The monk’s voice over loud speaker filled the lower basilica of St. Francis Assisi in Italy. “Shhhhhhhhhhh…” quieted the masses visiting the spiritual home of one of the world’s most beloved saints. Silencio. This memory has stayed with me for years. Of the many famous cathedrals and basilicas I’ve visited, this was the first one that asked for silence and for reverence.
It also reminds me that silence, reverence, and intention are prayer.
I can fill the quiet of my mind with familiar prayers and my own monologue to God, but how often do I stop talking and just listen in true silence, with a clear mind? Not often enough. Perhaps it’s more comfortable for me to do the talking rather than the listening in my prayer life. Perhaps it’s because I’m in control of it. But in silent, contemplative prayer, the scaffold of familiar prayers and inner monologue is removed and I’m no longer in control of the conversation. At this point, I’m required to listen.
An anonymous English author in the 14th century wrote a text entitled The Cloud of Unknowing about this very kind of contemplative prayer. It requires absolute stillness, silence of the mind, a set intention and total presence, and the result is well worth the patience. Once the analytical mind is out of the way, a true dialogue with the Divine can begin and a deeper relationship can grow.
Patience is not always my virtue and my analytical mind still controls the volume of a loudspeaker in my head. In today’s world, it’s challenging for me to designate time for what seems like a “zero mind and body activity”, but this is exactly what I need to do and why I need to make it a priority. I have to turn off the urge to always go, go, go and to fill up the silence with noise.
When I have finally settled down, muted the phone, started the meditation timer, and cleared my mind, I have…fallen asleep, made out shopping lists, played the song I can’t get out of my head on a continual loop, and thought about what I’m doing once this silent stillness thing is over. Sometimes contemplative prayer feels like a mind game that I’m clearly losing! Even the anonymous author admits that beginners might struggle with starting a contemplative prayer practice, but the intention is there. Yes, my intention is there. My intention is there to sit in silence and listen. My intention is there to reach out and deepen my relationship with God.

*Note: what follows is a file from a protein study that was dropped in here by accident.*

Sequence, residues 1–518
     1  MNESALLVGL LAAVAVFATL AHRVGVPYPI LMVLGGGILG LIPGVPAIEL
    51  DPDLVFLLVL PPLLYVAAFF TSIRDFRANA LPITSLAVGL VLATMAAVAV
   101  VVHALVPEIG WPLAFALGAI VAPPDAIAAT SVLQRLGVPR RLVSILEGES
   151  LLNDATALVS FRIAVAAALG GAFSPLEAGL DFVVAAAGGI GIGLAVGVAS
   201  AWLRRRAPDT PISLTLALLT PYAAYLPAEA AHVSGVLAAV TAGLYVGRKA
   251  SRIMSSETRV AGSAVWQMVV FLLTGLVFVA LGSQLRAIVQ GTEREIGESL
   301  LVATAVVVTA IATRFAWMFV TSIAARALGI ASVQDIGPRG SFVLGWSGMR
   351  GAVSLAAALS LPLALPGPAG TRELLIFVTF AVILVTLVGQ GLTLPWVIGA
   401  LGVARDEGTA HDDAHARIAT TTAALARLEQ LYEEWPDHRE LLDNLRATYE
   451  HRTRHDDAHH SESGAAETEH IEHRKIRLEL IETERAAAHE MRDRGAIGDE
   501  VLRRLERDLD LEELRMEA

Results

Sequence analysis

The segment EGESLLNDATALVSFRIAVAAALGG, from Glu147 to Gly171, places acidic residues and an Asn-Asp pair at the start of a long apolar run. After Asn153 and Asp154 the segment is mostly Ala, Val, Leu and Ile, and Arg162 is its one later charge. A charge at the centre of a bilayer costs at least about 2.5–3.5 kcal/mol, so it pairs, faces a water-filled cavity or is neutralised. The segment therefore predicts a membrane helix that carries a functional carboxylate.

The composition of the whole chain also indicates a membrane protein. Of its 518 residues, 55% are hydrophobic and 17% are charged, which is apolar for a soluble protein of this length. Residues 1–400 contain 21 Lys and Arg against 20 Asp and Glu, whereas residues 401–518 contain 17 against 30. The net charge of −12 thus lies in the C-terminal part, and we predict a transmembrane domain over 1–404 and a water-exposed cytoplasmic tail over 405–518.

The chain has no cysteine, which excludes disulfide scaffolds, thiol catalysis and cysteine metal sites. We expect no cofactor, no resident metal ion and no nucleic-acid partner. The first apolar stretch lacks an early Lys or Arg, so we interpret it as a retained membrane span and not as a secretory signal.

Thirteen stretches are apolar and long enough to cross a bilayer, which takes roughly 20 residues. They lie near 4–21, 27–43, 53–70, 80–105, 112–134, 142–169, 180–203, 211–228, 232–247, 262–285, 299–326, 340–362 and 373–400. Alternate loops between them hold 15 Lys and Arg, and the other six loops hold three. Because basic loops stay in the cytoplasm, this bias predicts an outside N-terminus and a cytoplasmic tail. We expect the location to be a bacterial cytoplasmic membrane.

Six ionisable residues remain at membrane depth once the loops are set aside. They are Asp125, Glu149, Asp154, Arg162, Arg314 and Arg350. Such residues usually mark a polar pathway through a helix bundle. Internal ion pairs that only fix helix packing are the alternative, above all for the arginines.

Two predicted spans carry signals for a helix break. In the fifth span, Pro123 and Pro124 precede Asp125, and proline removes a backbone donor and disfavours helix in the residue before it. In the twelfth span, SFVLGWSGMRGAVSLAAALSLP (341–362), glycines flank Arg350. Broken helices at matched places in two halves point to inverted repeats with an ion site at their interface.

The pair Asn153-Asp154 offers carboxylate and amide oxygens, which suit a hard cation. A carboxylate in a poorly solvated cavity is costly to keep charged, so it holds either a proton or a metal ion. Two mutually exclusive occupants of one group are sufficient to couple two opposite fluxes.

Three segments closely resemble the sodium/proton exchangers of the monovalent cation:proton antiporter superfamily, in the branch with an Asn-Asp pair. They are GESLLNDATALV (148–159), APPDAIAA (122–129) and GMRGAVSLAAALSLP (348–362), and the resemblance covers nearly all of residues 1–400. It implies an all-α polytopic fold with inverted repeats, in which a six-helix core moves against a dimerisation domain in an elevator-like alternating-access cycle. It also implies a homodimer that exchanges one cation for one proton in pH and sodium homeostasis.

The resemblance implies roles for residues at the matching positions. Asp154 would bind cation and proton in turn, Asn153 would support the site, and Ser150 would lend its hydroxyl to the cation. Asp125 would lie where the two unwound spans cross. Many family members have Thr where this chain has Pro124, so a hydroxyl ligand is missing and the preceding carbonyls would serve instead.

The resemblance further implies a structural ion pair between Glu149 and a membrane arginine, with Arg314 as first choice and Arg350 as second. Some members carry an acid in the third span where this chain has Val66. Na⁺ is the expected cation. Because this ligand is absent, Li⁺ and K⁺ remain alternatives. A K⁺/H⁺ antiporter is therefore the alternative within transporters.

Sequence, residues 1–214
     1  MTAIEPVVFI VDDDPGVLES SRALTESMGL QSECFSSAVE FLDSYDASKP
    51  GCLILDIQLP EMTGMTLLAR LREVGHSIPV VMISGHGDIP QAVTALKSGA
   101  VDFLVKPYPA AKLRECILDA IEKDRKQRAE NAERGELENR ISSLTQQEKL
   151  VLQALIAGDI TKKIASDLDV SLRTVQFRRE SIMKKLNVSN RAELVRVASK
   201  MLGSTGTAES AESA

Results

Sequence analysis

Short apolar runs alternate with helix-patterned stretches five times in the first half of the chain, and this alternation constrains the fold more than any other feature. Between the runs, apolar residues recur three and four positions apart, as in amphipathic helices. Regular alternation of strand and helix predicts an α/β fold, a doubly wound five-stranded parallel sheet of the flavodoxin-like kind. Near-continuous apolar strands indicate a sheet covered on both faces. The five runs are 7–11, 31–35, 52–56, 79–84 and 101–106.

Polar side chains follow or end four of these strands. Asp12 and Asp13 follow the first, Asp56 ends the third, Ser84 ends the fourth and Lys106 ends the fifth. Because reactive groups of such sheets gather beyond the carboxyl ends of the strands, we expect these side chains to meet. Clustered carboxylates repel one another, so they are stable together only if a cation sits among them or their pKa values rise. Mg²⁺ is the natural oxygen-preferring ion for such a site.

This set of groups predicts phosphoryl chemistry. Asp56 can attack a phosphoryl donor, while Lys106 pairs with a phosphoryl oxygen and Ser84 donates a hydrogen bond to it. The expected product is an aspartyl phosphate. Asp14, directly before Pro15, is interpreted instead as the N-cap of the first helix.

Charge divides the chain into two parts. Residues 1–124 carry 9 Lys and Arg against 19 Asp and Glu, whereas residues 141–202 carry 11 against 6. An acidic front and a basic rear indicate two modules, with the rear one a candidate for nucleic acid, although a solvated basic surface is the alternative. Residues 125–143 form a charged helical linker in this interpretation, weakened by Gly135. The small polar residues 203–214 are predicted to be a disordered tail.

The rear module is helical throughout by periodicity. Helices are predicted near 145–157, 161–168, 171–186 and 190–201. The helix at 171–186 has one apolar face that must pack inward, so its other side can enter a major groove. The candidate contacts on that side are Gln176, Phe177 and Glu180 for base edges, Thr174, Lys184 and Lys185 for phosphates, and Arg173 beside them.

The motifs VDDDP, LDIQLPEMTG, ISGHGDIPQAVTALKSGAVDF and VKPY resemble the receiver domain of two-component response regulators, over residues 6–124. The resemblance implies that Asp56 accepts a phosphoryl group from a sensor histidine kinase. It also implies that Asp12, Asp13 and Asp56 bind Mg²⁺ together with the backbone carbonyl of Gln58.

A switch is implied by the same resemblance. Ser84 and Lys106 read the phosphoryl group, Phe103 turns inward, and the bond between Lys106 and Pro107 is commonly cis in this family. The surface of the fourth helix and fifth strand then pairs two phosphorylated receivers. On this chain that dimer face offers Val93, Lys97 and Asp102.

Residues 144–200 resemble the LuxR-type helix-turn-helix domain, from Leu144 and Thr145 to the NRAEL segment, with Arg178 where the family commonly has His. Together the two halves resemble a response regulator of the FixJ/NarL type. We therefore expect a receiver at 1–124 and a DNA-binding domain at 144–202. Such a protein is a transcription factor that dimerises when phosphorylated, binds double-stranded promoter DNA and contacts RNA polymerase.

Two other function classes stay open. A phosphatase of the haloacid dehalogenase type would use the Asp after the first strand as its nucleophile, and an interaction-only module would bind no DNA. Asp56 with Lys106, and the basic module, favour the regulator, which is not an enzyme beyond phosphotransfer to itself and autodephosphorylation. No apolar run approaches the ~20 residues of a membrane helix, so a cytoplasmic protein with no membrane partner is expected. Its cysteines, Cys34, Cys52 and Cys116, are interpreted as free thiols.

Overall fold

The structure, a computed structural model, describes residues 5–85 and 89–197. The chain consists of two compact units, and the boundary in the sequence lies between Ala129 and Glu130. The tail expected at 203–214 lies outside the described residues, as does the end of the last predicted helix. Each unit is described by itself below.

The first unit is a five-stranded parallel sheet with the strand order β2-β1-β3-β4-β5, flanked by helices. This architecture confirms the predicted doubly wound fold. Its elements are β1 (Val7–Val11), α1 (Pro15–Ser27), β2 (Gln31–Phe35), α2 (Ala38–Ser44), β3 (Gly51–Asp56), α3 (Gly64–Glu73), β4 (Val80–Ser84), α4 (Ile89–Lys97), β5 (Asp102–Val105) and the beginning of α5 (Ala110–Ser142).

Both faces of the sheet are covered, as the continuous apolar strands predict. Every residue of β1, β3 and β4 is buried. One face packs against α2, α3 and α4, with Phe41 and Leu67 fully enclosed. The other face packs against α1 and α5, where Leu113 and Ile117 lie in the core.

It hasn’t always been a battle over the mind. I have caught some glimmers of light in a place that is neither here nor there, not in sleep nor full consciousness. It is a place that has a cloud-like quality. I feel more peaceful after after contemplative prayer. And I believe I can receive divine wisdom more clearly throughout the day without interference from my always-in-control analytical mind. Meditation practice and contemplative prayer have withstood the test of time even with squirmy beginning practitioners exactly like me. There must be something to this, something worth the effort!
To every one of my excuses – it’s hard to find time, I can’t do this, I want my prayer cards back! – the anonymous author encourages me to keep trying because it IS well worth the work.
“So stop hesitating. Do this work until you feel the delight of it. In the trying is the desire.”
Amen. Be silent. Be still.
This beautiful prayer to Our Lady of Knock below also reminds me to step away from the forms of prayer that I know and become more comfortable with silence and unknowing.
New Prayer to Our Lady of Knock
Most Blessed Lady of Knock, it is easy for me to recite the simplest prayers I learned in my childhood or even to repeat the more complex formulas I’ve absorbed as an adult. But your example tells me that silence can also be a prayer, that silent attention to God is worship.
So dearest Lady of Silence, remind me again of the importance of silence. And help me, I pray, to silence the noise within my soul, that I may someday be fully attentive to the Divine and may finally be able to worship God with all my soul. Amen